In a year which saw political and cultural differences deepen, global events defy expectation, and social media’s influence reach a disorienting level, the only certainty is that 2016 saw some damn fine music. With that in mind, I present my Top 10 Albums of 2016, a totally subjective and (loosely) structured list which attempts to apply logic and order to at least one aspect of the past twelve months.
This list is entirely my own opinion, based on how much I enjoyed these albums, which ones I kept coming back to, and which ones I thought were the strongest musically. I also considered factors like ambition, innovation, and their importance in the careers of each respective artist/group. Of course, it’s subjective, and you may disagree with my choices, but that’s okay. You might agree completely, and that’s okay too.
10) Dance Gavin Dance – Mothership
Highlights: “Young Robot”, “Deception”, “Betrayed by the Game”
Verdict: Following last year’s Instant Gratification, 2016 saw the Californian five-piece deliver a new album of energetic, in-your-face post-hardcore anthems. Busy instrumentals populated by inventive, clean guitar parts and a unique blend of sung, rapped, and screamed vocals (courtesy of clean vocalist Tilian Pearson and unclean vocalist Jon Mess) provide non-stop ear candy, and an excellent backing to playful and provocative lyrics, leaving few dull moments in its 13-song run.
9) Twelve Foot Ninja – Outlier
Highlights: “One Hand Killing”, “Collateral”, “Point Of You”
Verdict: Australia’s premier up-and-comers in metal, Twelve Foot Ninja cram more genres and influences into their grandiose second album than most bands manage in their entire careers. Building on an intensely catchy and eclectic debut, Outlier features didgeridoo (“Sick”), flamenco-funk (“Post Mortem”), and snippets of lounge jazz (“Adios”), while never being gimmicky or cluttered. On top of that, add caustic lyrics, falsetto backing vocals, and some genuinely heavy riffs, and the result is an endlessly entertaining album.
8) Leonard Cohen – You Want It Darker
Highlights: “You Want It Darker”, “Treaty”, “If I Didn’t Have Your Love”
Verdict: 2016 saw the passing of many revered and beloved artists, but few had the influence and noted songwriting genius of Leonard Cohen. His final album showcases his nuanced, spiritual lyricism, tinged with religious imagery, as well as themes of mortality and lost love. Cohen’s every line is delivered by his dusky yet melodic baritone against a backdrop of church organs, gospel choirs, and waltzing rhythms, making this final album an occasionally-gloomy but otherwise divine listen.
7) Periphery – Periphery III: Select Difficulty
Highlights: “Marigold”, “The Way The News Goes…”, “Prayer Position”
Verdict: Bringing just as much knife-edge intensity and intricate compositional ability as Periphery fans expect, the djent pioneers’ fifth full-length effort is defined just as clearly by its technical, challenging instrumentals, as it is by the lyrics and savage vocal delivery of frontman Spencer Sotelo. The delicate glimmer of “The Way The News Goes…” and anthemic metalcore groove of “Remain Indoors” are contrasted by the downtuned, dissonant brutality of “Motormouth” and “Habitual Line-Stepper”, indulging both sides of Periphery’s sound and making one, very satisfying effort.
6) Anderson .Paak – Malibu
Highlights: “The Bird”, “The Season/Carry Me”, “Without You”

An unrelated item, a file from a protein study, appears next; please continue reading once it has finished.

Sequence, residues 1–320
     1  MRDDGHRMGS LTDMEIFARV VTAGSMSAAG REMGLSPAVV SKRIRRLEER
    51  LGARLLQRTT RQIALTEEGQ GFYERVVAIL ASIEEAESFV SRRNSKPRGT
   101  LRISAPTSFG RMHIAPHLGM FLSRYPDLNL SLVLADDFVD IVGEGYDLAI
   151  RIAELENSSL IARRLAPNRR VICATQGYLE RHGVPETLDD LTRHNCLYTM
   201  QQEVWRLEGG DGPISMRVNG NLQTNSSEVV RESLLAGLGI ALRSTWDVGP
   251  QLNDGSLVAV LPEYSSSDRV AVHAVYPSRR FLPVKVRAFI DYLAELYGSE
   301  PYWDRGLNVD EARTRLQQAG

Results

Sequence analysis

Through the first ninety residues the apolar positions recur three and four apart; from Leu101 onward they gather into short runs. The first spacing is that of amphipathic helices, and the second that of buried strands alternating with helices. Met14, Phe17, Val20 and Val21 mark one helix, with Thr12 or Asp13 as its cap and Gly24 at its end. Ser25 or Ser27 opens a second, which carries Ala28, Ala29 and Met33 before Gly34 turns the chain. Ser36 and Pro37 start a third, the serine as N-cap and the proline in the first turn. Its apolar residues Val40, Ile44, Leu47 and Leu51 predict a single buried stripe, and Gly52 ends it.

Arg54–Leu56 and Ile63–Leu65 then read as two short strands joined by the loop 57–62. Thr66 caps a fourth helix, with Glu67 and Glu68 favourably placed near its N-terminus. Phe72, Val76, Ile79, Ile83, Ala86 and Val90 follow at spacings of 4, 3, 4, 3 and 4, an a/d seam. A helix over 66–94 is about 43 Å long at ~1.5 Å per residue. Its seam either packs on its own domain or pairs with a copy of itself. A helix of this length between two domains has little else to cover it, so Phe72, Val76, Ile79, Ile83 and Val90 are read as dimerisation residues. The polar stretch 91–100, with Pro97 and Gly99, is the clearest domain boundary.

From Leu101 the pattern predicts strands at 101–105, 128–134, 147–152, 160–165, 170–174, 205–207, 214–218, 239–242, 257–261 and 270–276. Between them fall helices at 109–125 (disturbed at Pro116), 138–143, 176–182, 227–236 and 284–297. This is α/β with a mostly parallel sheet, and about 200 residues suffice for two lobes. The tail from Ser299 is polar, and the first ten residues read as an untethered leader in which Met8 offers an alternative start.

Verdict: Fusing West Coast hip-hop with laidback neo-soul, Anderson .Paak struck gold with 2016’s Malibu, garnering critical claim for its updated R&B sound and eclectic range of sun-drenched slow jams. Anderson’s vocals range from politically-motivated backbeat rap verses – “if cash ain’t king, it’s damn sure the incentive” (“The Season/Carry Me”) – to the kind of tuneful, ice-cool melodicism heard on last year’s Compton, the Dr Dre blockbuster which put .Paak’s unique voice to good use. Based on the success of Malibu, we’re certain to hear a lot more of him.
5) Catfish and the Bottlemen – The Ride
Highlights: “7”, “Postpone”, “Outside”
Verdict: Fuelled by adolescent anecdotalism about alcohol abuse, romance, and “every Monday I called in sick” (“Twice”), while packing almost as many instant crowd-pleasers as the group’s preceding debut, The Ride is a fitting sequel to 2014’s The Balcony. Each song brandishes uncomplicated indie-rock sensibilities and a stadium-friendly anthemic quality, which heralds a true potential that may yet be seen from the Llandudno four-piece, given the less-than-advanced age of vocalist and songwriter Van McCann.
4) Iggy Pop – Post Pop Depression
Highlights: “Break Into Your Heart”, “Sunday”, “Paraguay”
Verdict: Delivering the kind of all-star quality usually found in a Hollywood blockbuster, and supplying enough winning tunes to back up the identities of the glamorous personnel involved (Josh Homme, Dean Fertita, Matt Helders), Post Pop Depression shows industry veteran Iggy at his most strident, creative, and uninhibited. The familiar desert rock sound beloved by fans of Queens of the Stone Age matches perfectly with Pop’s vocal and lyrical sensibilities to create a range of vastly different sounds, all of which demand attention and respect in equal measure.
3) Kanye West – The Life of Pablo
Highlights: “Ultralight Beam”, “Feedback”, “No More Parties In LA”
Verdict: With Pablo, a divisive artist, who has nothing and everything left to prove, continued his bid to produce hip-hop that’s as innovative and challenging as possible. While it likely won’t chime with those who “miss the old Kanye”, it remains a fascinating piece for those at all intrigued in the direction rap may take in the coming years, and those willing to accept the constantly-changing face of West’s artistry – Ye even changed the album title a few times before releasing.
2) The Last Shadow Puppets – Everything You’ve Come To Expect
Highlights: “Aviation”, “Sweet Dreams, TN”, “The Dream Synopsis”